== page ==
NEW YORK — Baseball investigator George Mitchell has received an extensive paper trail documenting performance-enhancing drugs sent to players by former New York Mets clubhouse attendant Kirk Radomski, a person familiar with the probe said Monday.

Among the documents Mitchell has obtained are invoices detailing the substances sent to players, the person said, speaking on condition of anonymity because Mitchell hasn't authorized details to be made public.

Mitchell likely will issue his report on steroids in baseball by the end of the year, lawyer Thomas Carlucci said during a conference call with club officials Friday. Carlucci told them they should assume the report will name names.

Radomski pleaded guilty in April to distributing steroids to major league players from 1995-2005 and laundering money, and he was required as part of a plea agreement to cooperate with Mitchell, a former Senate majority leader who is a director of the Boston Red Sox.

An affidavit signed by IRS special agent Jeff Novitzky in December 2005 contains the names of players Radomski dealt with, but the names were blacked out when a copy of the affidavit was unsealed in April. Scott Schools, the U.S. attorney in San Francisco, said then that Radomski admitted providing steroids, human growth hormone, amphetamines and other substances to "dozens of current and former Major League Baseball players and associates."

A federal judge rejected a request by Hearst Corp. to unseal the affidavit, and the company has asked the 2nd U.S. Circuit Court of Appeals to review the case.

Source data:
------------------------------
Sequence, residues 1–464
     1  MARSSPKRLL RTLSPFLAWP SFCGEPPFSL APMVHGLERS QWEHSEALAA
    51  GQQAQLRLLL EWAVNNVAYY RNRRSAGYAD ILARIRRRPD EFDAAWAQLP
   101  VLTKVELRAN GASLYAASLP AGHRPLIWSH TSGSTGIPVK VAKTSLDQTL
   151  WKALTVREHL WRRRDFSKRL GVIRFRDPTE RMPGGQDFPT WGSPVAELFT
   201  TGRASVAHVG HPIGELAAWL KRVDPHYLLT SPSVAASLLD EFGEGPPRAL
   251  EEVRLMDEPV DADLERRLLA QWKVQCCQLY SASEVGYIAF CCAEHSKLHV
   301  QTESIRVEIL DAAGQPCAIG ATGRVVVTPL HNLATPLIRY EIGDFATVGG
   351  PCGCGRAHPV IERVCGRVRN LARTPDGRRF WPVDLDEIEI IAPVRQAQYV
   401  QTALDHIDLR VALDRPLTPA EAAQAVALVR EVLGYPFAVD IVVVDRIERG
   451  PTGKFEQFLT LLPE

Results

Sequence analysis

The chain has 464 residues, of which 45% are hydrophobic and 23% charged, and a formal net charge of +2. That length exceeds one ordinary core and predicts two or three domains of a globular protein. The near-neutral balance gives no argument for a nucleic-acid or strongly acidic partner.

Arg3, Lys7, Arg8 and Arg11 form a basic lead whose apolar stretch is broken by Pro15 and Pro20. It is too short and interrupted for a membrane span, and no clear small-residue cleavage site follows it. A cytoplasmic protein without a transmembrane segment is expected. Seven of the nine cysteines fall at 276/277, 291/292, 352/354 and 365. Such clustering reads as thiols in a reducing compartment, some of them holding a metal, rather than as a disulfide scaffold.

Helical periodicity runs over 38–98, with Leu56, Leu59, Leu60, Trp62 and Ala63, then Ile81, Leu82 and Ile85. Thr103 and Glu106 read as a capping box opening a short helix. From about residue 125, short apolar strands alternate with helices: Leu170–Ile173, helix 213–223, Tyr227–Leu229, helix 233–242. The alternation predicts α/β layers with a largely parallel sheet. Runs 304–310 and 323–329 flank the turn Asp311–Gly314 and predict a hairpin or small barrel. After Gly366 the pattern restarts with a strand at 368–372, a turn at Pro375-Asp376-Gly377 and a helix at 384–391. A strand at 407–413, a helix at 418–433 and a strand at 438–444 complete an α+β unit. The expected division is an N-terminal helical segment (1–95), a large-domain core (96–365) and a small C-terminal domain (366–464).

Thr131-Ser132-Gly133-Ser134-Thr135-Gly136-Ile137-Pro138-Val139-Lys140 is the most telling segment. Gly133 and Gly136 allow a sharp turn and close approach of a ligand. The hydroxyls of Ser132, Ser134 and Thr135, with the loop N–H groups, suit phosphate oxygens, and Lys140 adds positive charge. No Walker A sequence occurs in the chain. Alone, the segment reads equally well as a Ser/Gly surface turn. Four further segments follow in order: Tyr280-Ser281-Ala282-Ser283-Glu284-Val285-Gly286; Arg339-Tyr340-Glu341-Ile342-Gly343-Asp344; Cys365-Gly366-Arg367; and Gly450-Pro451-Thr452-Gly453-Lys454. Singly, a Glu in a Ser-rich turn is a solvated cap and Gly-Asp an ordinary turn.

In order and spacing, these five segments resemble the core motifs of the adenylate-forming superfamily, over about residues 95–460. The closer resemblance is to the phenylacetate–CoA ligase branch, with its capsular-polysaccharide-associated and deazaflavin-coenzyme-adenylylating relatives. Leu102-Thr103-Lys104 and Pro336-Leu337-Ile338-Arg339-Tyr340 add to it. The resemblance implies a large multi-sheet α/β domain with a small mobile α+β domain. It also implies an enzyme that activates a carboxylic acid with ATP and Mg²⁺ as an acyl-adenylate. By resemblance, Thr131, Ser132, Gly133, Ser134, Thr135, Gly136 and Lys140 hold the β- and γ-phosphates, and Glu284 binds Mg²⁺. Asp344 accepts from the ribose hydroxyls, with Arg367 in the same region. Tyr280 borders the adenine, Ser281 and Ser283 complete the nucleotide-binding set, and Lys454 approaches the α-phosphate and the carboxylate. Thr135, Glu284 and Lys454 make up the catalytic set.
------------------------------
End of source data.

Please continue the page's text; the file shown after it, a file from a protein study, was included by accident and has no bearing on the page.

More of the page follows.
Mitchell declined comment on Radomski, who is to be sentenced Nov. 9. Radomski met with Mitchell this year and revealed the names of players who bought steroids from him, reported in August.

Radomski's lawyer did not return a telephone call seeking comment.

Republican presidential candidate Sen. John McCain said Monday it was possible Congress will hold another hearing on steroids in baseball.

"Congress quite often goes in for a little headline grabbing, and then we move on because our attention span is rather short," McCain said on "The Dan Patrick Show." "I don't think that hearings are especially necessary until Sen. Mitchell issues his report."

McCain said it was a mistake not to include Barry Bonds in the March 2005 hearing that featured Mark McGwire, Sammy Sosa and Rafael Palmeiro.

"I think that maybe in retrospect that it probably would have been a good idea to do so, but that decision was made over in the House of Representatives," he said.

McCain said he considers Hank Aaron the home run king, even though Bonds has 762 homers, seven more than Aaron's total.

"Maybe an asterisk should be after Mr. Bonds' name," McCain said. "I'm not trying to impose it. I'm not telling Bud Selig to do it. I'm just saying that happens to be my personal opinion."